When a buyer uses carbon credits to make a compensatory claim, such as ‘my organisation’s emissions have been offset’ or ‘my product is carbon neutral’, they are implying that the emissions that they have generated have been counteracted by an equivalent volume of emission reductions or removals achieved elsewhere, represented by the carbon credits. A compensatory claim is essentially intended to imply that the atmosphere is no worse off due to the act of compensating.

For this claim to be true, it is important that certain core principles are met. The emission reductions or removals underpinning the carbon credit must, for instance, be real, verified and additional, and it must be ensured that leakage and impermanence risks have been addressed. Additionality requirements are in place to ensure that a specific emission reduction or removal would not otherwise have happened. Leakage requirements are in place to ensure that by avoiding emissions in one place, a project is not simply prompting emitting activities to take place outside of the activity boundary.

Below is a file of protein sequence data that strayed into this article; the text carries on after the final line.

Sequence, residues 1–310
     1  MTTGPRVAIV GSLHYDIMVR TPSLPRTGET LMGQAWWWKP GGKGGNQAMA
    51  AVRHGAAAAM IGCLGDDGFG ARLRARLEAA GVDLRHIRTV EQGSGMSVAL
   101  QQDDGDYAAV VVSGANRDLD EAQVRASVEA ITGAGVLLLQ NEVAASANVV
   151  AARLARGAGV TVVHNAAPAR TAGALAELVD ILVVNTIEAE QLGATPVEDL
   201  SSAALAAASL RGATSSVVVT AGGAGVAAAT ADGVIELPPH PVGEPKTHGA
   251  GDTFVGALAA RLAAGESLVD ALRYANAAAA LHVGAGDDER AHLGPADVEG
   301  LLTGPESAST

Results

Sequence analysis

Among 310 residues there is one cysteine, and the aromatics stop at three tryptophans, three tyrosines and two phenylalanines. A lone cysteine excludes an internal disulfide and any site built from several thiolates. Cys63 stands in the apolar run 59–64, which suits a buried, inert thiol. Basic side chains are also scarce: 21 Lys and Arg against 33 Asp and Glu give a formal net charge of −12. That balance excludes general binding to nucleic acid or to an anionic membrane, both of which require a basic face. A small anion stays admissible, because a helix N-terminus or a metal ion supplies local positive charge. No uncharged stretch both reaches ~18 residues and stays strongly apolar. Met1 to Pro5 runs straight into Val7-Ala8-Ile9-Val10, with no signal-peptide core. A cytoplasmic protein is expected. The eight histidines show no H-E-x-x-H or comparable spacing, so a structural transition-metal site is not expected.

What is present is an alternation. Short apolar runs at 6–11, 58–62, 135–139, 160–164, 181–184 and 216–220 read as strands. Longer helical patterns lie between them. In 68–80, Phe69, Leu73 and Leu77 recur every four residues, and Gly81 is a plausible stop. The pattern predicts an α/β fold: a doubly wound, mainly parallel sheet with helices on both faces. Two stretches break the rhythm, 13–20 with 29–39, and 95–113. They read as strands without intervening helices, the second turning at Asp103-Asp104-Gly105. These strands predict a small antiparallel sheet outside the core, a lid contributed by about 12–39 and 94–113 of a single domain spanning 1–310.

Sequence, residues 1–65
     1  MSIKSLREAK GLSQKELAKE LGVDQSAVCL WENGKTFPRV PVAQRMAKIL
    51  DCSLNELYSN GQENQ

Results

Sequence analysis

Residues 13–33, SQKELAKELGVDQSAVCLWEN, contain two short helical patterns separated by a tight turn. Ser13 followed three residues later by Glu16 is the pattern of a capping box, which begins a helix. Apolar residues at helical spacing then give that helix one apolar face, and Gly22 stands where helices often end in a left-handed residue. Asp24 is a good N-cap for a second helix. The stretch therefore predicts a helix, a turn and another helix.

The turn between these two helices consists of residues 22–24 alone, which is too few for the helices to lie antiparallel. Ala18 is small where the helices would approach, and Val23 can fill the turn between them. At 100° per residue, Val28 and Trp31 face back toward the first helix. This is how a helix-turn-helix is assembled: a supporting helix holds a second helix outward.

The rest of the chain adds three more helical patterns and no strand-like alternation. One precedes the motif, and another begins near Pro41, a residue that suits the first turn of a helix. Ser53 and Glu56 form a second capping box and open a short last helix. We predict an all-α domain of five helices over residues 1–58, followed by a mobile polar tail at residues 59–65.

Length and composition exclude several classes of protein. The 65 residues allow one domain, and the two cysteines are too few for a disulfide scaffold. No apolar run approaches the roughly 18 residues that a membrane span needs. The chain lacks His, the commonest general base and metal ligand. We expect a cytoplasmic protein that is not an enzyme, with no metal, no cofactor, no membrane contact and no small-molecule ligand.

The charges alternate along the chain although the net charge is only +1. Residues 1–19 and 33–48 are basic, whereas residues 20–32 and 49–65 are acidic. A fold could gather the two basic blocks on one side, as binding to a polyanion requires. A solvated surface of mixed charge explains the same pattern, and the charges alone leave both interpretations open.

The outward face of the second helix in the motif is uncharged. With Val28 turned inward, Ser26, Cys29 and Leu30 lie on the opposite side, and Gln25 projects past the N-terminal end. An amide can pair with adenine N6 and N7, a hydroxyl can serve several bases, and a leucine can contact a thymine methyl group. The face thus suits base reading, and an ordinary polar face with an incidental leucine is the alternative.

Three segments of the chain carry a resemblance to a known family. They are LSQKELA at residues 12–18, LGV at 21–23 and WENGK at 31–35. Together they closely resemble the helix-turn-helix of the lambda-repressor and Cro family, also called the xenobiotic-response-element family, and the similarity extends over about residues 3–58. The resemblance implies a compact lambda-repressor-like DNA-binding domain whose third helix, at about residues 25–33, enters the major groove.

The avoidance of double claiming with a host country’s NDC follows a similar principle: it is needed to address the prospect that a host country could defer or delay mitigation activity that it would have undertaken to achieve its NDC, as the emission reductions and removals achieved by voluntary carbon market activities have had the same effect. If this is the case, it would not be true to claim that the atmosphere is no worse off due to the act of compensating, as the same level of mitigation would have otherwise occurred.